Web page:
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You are right and I was unnecessarily harsh on the guy. Let me put it this way, and not to sound like an infomercial, but that guy was me just a few years back, and I didn't realize how dependent I was on gear until I took a break from the forum and then came back. I was full of energy to talk about the things I found helpful, I wanted to hear about what everybody was working on, and that thread about the neck just sort of made me realize why I stopped coming by in the first place.

So let me turn this around and make it positive - I apologize if I offended anybody, but I'd like to help out. A bunch of you guys emailed me about the practice regimen, which I'm going to type up in the next few days or so, and send out. It is deceptively basic - but as Steve pointed out when he sent it, the fundamentals are deceptively basic. it's the execution that causes sore fingers. :) I've sworn more at myself while mentally playing whole tone patterns than I ever have at any drivers on the road.

I've also been listening to extremes - that is, I'll go from Monk to Mobley. Talk about inside outside in terms of what you're hearing. I've been trying to vary up the music that I listen to, and when I get on the gig, not worry about trying to be better than the guy that called me to sub by trying to play his licks, or by shooting my wad up front to impress everybody. I'm learning to hold back and play the things that I want to play, and that I have shedded.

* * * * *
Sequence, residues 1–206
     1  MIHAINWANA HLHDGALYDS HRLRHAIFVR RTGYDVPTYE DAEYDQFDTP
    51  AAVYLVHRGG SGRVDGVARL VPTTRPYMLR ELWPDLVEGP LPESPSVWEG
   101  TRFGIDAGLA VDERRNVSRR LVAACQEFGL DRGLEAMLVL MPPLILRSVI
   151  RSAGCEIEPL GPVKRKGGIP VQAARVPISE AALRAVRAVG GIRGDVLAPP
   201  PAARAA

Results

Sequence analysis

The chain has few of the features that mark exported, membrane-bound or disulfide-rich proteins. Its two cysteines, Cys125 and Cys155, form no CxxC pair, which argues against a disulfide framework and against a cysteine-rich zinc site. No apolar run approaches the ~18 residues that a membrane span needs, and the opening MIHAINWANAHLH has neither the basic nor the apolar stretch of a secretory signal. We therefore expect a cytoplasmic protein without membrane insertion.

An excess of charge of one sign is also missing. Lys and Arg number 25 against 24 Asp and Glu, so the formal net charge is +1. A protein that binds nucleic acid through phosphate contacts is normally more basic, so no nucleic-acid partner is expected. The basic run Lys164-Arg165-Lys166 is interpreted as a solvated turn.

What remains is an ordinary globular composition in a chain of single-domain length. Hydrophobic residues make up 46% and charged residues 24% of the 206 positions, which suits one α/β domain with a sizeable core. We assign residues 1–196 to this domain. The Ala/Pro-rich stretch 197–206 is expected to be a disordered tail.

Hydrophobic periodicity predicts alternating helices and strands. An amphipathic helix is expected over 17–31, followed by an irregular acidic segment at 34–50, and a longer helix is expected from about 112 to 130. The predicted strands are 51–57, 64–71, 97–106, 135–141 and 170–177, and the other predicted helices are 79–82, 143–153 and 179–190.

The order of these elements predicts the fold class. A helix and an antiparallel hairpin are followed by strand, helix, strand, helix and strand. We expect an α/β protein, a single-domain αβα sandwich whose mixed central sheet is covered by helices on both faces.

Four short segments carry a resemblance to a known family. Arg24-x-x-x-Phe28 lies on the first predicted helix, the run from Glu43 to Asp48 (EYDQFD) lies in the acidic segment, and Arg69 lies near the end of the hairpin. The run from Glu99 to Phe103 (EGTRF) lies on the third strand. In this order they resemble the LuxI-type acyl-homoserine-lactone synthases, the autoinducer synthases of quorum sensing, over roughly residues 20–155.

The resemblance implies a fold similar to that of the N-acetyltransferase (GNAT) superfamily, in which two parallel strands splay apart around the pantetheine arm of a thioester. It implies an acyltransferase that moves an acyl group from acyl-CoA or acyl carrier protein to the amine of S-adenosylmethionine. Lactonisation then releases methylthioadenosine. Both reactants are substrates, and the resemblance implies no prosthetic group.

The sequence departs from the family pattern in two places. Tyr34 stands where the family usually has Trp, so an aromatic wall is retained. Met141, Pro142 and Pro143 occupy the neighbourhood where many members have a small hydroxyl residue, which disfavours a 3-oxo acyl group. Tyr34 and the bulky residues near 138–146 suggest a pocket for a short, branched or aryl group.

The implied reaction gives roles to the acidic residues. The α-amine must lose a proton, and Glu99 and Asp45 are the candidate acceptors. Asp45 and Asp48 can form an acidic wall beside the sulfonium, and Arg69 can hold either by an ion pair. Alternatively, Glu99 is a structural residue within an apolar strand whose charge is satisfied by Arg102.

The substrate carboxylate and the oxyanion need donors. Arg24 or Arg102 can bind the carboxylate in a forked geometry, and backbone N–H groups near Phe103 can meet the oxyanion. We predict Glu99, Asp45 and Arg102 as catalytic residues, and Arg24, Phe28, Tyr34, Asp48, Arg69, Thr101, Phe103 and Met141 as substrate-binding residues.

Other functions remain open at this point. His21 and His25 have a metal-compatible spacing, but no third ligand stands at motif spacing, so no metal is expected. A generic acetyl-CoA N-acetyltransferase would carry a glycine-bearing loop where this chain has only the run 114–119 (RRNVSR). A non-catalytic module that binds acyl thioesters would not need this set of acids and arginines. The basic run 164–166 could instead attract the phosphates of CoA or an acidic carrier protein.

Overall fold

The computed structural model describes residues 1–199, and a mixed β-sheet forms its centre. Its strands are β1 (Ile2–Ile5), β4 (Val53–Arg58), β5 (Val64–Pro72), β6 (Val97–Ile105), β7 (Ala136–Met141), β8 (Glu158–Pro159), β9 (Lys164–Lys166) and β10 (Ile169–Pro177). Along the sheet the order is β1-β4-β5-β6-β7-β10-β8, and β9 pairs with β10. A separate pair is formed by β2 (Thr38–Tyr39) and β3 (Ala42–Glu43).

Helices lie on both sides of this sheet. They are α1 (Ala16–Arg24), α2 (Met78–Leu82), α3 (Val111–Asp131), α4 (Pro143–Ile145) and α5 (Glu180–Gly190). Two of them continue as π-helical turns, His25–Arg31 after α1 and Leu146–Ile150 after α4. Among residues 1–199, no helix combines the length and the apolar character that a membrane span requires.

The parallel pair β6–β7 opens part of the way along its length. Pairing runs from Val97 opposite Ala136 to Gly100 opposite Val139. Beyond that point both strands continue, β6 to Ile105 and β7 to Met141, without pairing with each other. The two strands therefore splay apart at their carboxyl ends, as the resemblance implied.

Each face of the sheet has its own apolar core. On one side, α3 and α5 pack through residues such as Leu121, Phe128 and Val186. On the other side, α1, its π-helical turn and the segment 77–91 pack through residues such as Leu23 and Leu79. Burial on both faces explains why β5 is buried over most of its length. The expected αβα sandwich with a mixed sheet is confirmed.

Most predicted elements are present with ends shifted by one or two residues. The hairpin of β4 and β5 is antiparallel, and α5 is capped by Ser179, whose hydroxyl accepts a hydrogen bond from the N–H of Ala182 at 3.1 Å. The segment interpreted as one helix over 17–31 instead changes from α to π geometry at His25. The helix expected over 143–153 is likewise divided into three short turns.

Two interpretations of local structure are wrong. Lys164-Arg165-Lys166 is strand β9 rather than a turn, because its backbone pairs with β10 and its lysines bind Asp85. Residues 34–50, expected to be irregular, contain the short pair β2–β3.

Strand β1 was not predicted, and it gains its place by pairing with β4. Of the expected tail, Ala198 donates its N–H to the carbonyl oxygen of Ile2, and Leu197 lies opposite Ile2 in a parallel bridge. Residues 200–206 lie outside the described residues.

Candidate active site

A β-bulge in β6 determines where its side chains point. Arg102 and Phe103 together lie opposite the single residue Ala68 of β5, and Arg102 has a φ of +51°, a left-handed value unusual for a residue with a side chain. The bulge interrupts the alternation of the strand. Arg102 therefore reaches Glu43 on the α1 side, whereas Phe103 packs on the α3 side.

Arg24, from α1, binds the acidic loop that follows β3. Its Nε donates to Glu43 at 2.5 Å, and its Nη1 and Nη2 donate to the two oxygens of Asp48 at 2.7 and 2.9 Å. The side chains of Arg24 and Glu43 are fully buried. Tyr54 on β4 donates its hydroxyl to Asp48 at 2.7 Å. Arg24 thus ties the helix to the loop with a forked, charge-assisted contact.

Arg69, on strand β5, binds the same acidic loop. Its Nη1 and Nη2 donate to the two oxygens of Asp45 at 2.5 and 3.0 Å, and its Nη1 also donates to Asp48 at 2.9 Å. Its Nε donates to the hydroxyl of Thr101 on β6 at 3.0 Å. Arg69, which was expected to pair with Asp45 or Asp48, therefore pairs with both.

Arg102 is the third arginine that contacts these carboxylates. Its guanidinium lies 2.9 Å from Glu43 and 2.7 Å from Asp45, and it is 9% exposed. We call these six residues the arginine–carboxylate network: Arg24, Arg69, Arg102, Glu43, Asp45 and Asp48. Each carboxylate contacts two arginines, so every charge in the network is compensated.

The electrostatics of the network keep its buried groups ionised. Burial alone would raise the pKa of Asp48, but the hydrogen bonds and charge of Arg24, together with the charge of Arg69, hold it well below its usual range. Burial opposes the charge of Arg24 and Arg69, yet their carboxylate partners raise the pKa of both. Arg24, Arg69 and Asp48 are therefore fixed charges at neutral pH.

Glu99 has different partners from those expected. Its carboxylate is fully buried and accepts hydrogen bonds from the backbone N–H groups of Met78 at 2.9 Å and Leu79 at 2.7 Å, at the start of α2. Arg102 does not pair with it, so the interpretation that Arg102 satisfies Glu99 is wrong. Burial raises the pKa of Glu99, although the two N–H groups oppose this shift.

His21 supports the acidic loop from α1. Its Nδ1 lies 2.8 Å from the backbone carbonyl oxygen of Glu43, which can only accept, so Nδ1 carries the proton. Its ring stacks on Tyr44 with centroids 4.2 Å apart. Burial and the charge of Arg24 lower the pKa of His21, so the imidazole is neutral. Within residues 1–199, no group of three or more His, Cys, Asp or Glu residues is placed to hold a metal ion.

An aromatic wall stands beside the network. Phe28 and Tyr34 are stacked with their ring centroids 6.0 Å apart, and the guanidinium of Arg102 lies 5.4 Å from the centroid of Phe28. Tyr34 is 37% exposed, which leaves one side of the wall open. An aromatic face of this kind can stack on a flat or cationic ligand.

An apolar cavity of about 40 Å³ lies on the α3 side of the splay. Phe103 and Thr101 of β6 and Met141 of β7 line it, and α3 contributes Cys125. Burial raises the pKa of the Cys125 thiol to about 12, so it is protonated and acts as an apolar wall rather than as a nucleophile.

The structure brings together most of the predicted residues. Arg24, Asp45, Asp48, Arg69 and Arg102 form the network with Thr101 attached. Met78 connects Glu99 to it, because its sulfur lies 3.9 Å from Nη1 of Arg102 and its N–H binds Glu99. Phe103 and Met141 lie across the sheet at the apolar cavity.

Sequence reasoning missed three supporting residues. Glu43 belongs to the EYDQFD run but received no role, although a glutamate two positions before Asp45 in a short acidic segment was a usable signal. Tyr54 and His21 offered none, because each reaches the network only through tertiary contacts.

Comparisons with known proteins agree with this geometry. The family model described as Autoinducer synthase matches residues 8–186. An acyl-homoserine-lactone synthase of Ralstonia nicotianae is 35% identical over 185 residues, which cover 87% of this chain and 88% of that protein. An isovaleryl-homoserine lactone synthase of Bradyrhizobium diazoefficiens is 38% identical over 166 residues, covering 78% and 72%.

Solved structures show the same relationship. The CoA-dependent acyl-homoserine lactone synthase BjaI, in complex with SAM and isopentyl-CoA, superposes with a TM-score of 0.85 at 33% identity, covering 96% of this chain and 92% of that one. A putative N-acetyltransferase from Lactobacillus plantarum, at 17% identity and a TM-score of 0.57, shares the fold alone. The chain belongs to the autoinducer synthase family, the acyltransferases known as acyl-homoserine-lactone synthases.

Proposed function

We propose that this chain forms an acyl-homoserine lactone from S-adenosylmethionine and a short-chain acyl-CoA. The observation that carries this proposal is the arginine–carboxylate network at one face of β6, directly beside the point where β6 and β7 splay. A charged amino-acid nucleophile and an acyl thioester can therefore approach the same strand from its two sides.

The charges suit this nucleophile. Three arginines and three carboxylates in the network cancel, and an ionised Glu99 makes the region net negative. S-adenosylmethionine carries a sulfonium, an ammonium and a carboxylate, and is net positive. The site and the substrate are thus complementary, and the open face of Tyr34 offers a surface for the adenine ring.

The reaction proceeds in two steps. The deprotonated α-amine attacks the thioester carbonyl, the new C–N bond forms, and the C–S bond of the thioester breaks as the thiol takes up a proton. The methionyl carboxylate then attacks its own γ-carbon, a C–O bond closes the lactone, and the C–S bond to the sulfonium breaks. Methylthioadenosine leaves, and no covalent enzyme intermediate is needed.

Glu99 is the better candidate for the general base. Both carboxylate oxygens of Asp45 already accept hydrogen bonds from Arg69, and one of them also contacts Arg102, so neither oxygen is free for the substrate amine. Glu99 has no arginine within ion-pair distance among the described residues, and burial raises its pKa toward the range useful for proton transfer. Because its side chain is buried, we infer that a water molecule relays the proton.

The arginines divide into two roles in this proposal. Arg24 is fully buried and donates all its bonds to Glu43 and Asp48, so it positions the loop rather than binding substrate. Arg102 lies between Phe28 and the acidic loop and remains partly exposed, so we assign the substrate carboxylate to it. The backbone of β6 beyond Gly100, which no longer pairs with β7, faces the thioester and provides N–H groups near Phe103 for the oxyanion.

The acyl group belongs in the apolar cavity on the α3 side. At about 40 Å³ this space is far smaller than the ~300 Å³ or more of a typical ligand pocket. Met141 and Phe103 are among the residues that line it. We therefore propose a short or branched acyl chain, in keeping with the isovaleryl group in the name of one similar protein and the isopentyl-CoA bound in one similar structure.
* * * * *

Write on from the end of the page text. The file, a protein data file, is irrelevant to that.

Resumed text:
heath said:
No it doesn't even add up to 5% of what it takes to get your chops where they need to be. Sure I'd like the topics to revolved around insights gained in the shed, at gigs and even in the classroom, but this forum doesn't have much of that. I consider this forum a place for sax players to come and chill out. There's nothing wrong with having a place like that, but if it cuts into ones practice time then obviously it's best to unplug the internet, turn off the television, and remove any other distraction that might rob you of the short time you have on this planet.

To beat a horse to death, my lips were sore mostly because I've been working on gaining more fluency on my altissimo and that stuff works my lower lip to death. That and long tones and a few other tricks I've been working on. Throw in the solos I'm transcribing on tenor and alto and my lower lip feels like it's been put through a meat masher by the end of the day

I apologize for the personal comments honk bop sax it wasn't necessary. You don't have any need to feel guilty for your life anymore than I do living the way I do or anyone else for that matter.
 

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Thank you, HonkBopSax, for that post. I'm sorry that Heath was so offended by your comments and I'm still puzzled at his reaction. You really didn't deserve that.